• What are their interests?
  • What options do you have not to insist on this gap and to rather follow an alternative route towards a solution?
  • Your BATNA (Best Alternative To a Negotiated Agreement)? What is your walk-away position? And how does their so-called unreasonable position compare to your BATNA/walk-away position? This will help you measure the degree of unreasonableness.
  • What could be their BATNA? Does it justify, in any way, their position?

Collecting the answers on above questions will largely improve your understanding of the situation. Hey… your counterpart may not be so unreasonable after all… Roughly in 95% of cases, that could be your conclusion.

In 5% of cases, do acknowledge the other party is unreasonable.

Earlier, we referred to aggressive negotiation strategies. These can be any of the following:

  • “Good cop / bad cop” strategies where the “bad cop” deliberately made the choice to be unreasonable.
  • “Extreme anchoring” where your counterpart’s initial offer is unreasonable, on purpose, to prepare you to accept a bad deal.
  • “Excessive leverage” by one party, holding very strong cards and exploiting them to the maximum.

Good negotiation guru’s will not recommend anyone to use above strategies. Furthermore, they will train negotiators to handle the relevant 5% of cases with strategic questioning, tactical empathy, pivoting to interest-based negotiations and, if no other solution is available, leaving the negotiation table.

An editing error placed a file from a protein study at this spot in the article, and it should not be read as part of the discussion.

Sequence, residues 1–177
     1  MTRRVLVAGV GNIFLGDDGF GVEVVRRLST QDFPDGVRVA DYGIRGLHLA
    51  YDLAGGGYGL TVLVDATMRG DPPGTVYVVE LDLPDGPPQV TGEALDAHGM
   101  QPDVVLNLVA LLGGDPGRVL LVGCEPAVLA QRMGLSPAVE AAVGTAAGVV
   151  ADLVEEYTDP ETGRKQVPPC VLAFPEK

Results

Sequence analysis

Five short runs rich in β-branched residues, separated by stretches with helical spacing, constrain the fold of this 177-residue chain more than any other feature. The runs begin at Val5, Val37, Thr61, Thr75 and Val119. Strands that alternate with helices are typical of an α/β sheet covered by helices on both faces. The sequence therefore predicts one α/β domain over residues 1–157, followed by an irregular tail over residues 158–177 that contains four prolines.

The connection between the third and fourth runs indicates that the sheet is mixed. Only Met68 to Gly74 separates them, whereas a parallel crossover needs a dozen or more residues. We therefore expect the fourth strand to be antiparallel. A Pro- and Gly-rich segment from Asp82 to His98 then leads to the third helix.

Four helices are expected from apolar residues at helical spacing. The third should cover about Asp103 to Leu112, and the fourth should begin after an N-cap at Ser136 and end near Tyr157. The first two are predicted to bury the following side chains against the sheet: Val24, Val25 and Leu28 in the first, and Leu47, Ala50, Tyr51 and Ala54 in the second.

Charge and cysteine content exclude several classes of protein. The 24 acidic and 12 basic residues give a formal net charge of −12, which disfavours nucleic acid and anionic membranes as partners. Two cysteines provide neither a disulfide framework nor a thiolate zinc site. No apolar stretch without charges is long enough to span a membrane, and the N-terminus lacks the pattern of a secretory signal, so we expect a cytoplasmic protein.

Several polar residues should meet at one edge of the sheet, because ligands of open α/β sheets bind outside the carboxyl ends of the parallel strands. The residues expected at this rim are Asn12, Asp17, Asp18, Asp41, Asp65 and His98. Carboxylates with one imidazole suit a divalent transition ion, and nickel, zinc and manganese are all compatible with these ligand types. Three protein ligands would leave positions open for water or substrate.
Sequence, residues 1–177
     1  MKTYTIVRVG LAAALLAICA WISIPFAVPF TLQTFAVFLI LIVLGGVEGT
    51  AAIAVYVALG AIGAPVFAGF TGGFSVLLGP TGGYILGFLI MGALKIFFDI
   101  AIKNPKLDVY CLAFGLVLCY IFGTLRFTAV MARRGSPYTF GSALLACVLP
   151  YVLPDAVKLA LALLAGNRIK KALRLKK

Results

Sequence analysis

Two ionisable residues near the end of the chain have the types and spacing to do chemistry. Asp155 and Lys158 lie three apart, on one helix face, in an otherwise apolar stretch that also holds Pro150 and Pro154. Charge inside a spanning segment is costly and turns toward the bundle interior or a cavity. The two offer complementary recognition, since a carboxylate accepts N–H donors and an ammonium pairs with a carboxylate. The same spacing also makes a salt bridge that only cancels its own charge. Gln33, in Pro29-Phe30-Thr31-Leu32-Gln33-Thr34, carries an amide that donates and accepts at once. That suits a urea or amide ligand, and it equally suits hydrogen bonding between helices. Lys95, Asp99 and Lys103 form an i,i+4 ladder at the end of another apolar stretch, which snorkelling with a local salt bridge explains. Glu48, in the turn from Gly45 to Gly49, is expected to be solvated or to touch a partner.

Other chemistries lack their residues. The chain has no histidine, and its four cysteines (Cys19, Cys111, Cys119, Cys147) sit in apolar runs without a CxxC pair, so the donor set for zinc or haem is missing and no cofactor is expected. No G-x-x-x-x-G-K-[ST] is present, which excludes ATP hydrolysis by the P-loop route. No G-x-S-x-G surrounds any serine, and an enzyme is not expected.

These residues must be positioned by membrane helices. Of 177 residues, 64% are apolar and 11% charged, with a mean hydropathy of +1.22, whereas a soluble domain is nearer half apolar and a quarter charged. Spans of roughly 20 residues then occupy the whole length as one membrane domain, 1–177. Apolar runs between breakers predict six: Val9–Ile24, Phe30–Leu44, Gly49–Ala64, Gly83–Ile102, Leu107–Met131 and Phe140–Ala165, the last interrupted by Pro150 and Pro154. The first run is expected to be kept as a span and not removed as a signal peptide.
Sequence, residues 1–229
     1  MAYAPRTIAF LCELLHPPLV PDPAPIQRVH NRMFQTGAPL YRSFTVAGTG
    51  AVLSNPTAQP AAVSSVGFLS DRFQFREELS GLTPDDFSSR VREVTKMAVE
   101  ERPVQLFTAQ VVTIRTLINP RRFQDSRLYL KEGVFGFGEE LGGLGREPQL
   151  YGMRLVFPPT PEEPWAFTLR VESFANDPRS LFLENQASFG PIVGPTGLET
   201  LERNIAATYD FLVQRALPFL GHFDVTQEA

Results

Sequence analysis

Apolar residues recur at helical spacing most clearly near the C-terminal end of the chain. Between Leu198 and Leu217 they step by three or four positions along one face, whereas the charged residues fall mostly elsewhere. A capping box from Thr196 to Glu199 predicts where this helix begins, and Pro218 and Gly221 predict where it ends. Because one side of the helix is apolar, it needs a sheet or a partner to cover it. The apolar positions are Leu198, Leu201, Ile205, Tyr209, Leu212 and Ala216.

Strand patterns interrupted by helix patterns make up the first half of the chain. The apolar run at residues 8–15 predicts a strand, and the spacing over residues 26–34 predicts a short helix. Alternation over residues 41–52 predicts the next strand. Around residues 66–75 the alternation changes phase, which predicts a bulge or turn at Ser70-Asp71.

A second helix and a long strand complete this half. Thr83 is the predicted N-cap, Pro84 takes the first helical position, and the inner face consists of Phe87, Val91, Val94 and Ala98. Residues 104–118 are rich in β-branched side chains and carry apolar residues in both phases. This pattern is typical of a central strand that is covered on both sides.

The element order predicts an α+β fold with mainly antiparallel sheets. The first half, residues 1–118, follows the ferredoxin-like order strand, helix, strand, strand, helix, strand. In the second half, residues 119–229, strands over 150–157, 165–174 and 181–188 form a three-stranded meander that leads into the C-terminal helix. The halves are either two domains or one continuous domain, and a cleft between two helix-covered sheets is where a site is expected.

Wait a minute! Each of us has probably said, once in a while (or even more frequently)”the other party is unreasonable”. So, let’s not go defensive. Let’s not start arguing that this is the right thing to do! Rather, what are our take-away’s in case someone perceives a negotiation counterpart as unreasonable ?

  • Make it your habit NOT to SAY your counterpart is unreasonable.
  • RECOGNIZE the 5% of cases where your counterpart is indeed unreasonable. And handle this with appropriate negotiation techniques.
  • Don’t let your negotiation-team-members make that statement. When they do, start a BRAINSTORMING within the team to look for the underlying reasons and possible solutions.

Do you believe the above recommendations are the right thing to do?

  • If yes, please let us know.
  • If not, share your point of view in a comment below.

About AfiTaC

AfiTaC.com is the blog on commercial and contractual subjects for the Project Businesses (Construction, Infrastructure, Oil & Gas, Power & Renewable, Water Supply & Sanitation, etc). Its objective is to stimulate reflection, learning, convergence to balanced contracts and positive dispute resolution. You can subscribe to our newsletter by writing to “newsletter@afitac.com”. You can also connect to our LinkedIn page. Engagement with the readers is what keeps us going. So, don’t hesitate to exchange with us by commenting here below, liking our publication on LinkedIn and writing to us “info@afitac.com”.